To test the performance of the proposed method, the building ventilation system has been operated in three different operation modes. As seen in Figure 5, the outdoor temperature changes in the range [−25 °C, 25 °C]. This test aims to assess the performance of the proposed identification method in classifying these operation modes and building a multi-mode model for this system. The temperatures at all three zones are illustrated in Figure 5. In this test, the ventilation system does not have pre-heating coils, so the outdoor temperature directly affects the zones temperature. This is why the zones’ temperatures are varying significantly. Therefore, utilizing a pre-heating system before blowing the outdoor air into the zone, especially in cold regions, will produce smoother temperature trends.
The following ARX model structure with 10 models is used in this test.
M o d e l   i : y ( t + 1 ) = a 1 i y ( t ) + a 2 i y ( t 1 ) + a 3 i y ( t 2 ) + b 1 i u ( t 3 ) + b 2 i u ( t 4 ) + b 3 i u ( t 5 )         i = 1 . . 10
where y(t) denotes indoor temperature at Zone 1, and u(t) denotes the fan temperature, which is almost the same as the outdoor temperature. This model identifies the ventilation behavior with respect to the outdoor temperature changes. The temperature range is divided into 10 equal regions, then the 10 linear models in the form (10) are identified for each region. After identifying the 10 models, the gap-metric method is utilized to remove the unnecessary models (models have similar responses) and decrease the local model numbers. The similarity between models is decided based on the gap metric and threshold level. If the distance between models is less than the threshold level, one of the models will be discarded. Therefore, we can decide the number of models and the accuracy of the multi-model by determining a proper threshold level. A higher value will result in lower accuracy but a less complex model. In this test, to assess the impact of different threshold values, we have selected two different threshold levels τ = 0.2 and τ = 0.5, which results in five and three local models, respectively. The estimated values for these two models’ parameters are given in Table 1 and Table 2.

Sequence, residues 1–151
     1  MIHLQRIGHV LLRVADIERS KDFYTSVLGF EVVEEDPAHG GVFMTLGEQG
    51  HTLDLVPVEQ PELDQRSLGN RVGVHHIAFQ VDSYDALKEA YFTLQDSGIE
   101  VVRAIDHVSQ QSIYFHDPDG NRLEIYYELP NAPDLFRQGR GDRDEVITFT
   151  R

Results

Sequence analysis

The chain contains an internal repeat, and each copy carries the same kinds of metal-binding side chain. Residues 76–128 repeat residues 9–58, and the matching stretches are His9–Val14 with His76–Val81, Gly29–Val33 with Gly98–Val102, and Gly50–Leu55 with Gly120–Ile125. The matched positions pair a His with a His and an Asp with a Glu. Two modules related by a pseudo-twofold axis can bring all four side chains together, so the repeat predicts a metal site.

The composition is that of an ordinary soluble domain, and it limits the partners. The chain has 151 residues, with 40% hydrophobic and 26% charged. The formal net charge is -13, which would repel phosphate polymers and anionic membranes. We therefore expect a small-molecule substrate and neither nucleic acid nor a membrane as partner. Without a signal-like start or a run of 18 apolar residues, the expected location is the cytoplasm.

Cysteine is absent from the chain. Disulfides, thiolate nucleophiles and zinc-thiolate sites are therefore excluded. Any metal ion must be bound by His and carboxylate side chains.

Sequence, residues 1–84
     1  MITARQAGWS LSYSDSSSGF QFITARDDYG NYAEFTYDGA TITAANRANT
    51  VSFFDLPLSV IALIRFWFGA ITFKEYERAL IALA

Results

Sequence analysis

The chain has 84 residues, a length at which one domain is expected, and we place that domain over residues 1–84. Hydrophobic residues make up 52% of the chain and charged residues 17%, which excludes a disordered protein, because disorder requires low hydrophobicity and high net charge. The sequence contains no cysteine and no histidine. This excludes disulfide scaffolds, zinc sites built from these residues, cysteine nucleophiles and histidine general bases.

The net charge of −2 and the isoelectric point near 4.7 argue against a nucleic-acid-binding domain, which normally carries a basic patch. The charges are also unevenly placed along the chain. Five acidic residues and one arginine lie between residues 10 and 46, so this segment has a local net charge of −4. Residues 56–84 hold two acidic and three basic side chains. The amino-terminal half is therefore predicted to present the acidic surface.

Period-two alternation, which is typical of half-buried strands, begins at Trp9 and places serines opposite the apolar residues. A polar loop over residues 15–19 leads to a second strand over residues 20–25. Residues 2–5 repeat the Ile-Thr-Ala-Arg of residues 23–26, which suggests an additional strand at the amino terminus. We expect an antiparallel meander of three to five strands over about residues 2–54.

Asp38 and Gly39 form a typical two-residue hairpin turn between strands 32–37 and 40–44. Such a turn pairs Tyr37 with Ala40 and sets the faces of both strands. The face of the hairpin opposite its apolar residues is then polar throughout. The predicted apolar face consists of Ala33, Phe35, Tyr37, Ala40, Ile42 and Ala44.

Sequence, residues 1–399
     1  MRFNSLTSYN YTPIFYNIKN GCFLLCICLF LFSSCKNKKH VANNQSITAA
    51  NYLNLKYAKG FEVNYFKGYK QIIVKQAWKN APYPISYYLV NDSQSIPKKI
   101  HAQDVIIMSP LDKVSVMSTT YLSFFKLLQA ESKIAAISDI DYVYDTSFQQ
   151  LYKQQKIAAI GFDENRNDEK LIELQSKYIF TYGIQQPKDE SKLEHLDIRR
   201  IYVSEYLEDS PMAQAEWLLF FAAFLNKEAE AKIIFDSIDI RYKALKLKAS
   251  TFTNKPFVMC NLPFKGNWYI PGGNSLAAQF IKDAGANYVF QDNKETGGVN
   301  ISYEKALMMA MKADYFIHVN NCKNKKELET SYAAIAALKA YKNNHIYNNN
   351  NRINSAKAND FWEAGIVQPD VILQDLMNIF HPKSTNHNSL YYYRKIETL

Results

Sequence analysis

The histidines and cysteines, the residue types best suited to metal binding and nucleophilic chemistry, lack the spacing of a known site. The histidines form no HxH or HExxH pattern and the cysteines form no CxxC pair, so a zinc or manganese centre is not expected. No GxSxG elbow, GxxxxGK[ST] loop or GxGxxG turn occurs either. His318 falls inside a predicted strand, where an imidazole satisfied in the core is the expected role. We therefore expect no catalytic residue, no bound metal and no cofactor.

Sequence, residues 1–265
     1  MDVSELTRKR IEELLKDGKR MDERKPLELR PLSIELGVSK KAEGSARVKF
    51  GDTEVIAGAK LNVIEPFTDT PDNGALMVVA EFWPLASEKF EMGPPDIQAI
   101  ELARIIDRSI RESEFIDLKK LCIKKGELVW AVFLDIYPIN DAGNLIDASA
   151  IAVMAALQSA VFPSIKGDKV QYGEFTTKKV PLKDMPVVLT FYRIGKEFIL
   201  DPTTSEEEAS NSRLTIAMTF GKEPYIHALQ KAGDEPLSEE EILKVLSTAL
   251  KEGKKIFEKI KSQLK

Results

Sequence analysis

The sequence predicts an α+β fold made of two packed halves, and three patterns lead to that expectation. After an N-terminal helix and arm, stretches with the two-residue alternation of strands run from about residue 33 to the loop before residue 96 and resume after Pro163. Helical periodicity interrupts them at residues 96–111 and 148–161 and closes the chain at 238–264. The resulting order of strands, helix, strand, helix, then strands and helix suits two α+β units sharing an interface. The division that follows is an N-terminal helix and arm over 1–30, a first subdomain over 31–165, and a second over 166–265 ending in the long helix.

After deciding the threshold level and the right number of the local models, the gap metric-based weighting approach introduced in Section 3.2 is used to build the global model. The proposed global models (with τ = 0.2 and τ = 0.5) performances in identifying the ventilation system are compared with the multiple ARX model [17,18] and piecewise linear approach, in which the clustering and regression are done separately [19,20].
Figure 6 illustrates the performance of the identified models on the validation data set. As seen in Figure 6, the proposed method with τ = 0.2 has 83.33% and with τ = 0.5 has 78.14% accuracy on the validation data set, which are higher than two other compared methods. The results admit that combining the two steps of clustering and regression can enhance the overall performance of the identified model.

4.2. Test on Real-World Data